Hiring the right 'face' for your community newspaper

By Marshel Rossow

Serve a solid internship and collect a variety of clips, but watch out for jeans and be wary of what you put on Facebook. Oh, by the way, bring some common sense to the interview.

Those pieces of practical wisdom are among the advice Minnesota editors and publishers offered job applicants in response to a survey that examined how newspapers large and small go about choosing the right "hires" for their newsrooms. Editors, publishers and other people involved in the hiring process at all 26 regular dailies and a random sample of 52 Minnesota weeklies were asked via phone and mail survey how they select the often-elusive best fit for a reporter opening. The papers' circulations ranged from 642 to 368,794, with all but a couple having circulations below 50,000.

More than a third of the dailies said they receive more than 20 applications for a typical job opening, but only about one in 10 of the smaller weeklies had that luxury; indeed, more than 40 percent of the weeklies said they usually get fewer than five applicants.

Those lower numbers of applicants for smaller papers don't translate into fewer candidates brought in for an interview.

About two-thirds of large and small papers said they usually interview three to five candidates, and about half said they interview a candidate more than once in seeking the right hire. Papers of all sizes made it clear that in-person interviews are usually a must: more than nine in 10 dailies and eight in 10 weeklies said they won't hire without talking with the candidate in person. (Exceptions were a few weeklies that said they might do a long-distance hire if the person offered impeccable clips and references and came across well in a telephone interview.)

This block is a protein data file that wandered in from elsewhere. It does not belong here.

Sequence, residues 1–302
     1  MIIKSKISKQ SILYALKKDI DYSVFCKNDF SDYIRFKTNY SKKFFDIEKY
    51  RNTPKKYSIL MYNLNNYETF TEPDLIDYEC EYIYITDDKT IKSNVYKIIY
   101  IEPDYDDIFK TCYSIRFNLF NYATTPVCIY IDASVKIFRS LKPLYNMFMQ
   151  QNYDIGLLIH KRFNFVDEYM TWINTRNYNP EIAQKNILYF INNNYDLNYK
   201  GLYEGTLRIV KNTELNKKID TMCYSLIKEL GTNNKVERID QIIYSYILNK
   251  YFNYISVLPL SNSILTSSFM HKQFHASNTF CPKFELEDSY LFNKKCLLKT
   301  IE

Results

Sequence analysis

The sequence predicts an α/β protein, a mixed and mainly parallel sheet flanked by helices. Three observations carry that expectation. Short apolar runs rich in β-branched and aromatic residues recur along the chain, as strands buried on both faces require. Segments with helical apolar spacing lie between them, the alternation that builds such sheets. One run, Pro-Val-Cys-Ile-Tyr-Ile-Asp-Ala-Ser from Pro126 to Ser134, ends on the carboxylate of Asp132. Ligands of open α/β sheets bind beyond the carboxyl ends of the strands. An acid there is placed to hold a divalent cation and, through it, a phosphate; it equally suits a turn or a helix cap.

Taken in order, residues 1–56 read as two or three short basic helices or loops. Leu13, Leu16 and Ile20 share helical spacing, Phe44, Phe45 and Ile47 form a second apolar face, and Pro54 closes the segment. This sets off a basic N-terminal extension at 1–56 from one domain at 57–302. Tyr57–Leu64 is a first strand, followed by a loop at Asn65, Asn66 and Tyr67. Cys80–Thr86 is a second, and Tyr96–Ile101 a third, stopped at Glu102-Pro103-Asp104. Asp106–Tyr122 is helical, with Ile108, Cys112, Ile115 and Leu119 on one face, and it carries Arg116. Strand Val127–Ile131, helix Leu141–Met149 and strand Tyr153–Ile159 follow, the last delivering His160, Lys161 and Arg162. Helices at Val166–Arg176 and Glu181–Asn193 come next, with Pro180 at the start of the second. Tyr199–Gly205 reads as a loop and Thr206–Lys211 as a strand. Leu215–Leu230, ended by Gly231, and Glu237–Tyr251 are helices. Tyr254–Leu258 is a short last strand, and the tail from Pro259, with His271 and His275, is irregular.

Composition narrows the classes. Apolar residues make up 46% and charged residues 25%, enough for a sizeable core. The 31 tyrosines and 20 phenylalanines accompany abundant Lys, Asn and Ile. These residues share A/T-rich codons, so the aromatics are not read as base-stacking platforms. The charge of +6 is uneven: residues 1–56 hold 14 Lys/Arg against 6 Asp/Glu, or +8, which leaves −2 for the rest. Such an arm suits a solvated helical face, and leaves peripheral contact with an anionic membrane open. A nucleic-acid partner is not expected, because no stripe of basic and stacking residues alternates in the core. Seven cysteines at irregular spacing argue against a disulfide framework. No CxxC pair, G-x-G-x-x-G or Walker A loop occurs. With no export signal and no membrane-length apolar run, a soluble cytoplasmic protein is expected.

The size of the newspaper doesn't make much difference when it comes to checking candidates' references. About half the dailies and weeklies reported they usually check three to five references, with the telephone as the favorite contact method. A handful of respondents said they go beyond listed references in their search for the right fit. Said one: "We call past employers whether or not they are listed as a reference."

As newspaper size increases, so does the importance of the applicant having a journalism degree. Perhaps reflecting the pick-and-choose ability of larger papers, more than three-fourths of the editors and publishers at dailies said an undergraduate journalism degree is a must, but only half the weeklies agreed with that expectation. Several editors of smaller papers said they are willing to expand their applicant pool by training local residents who show potential to fit into the newsroom; such applicants, the editors noted, have the advantage of already being familiar with the community.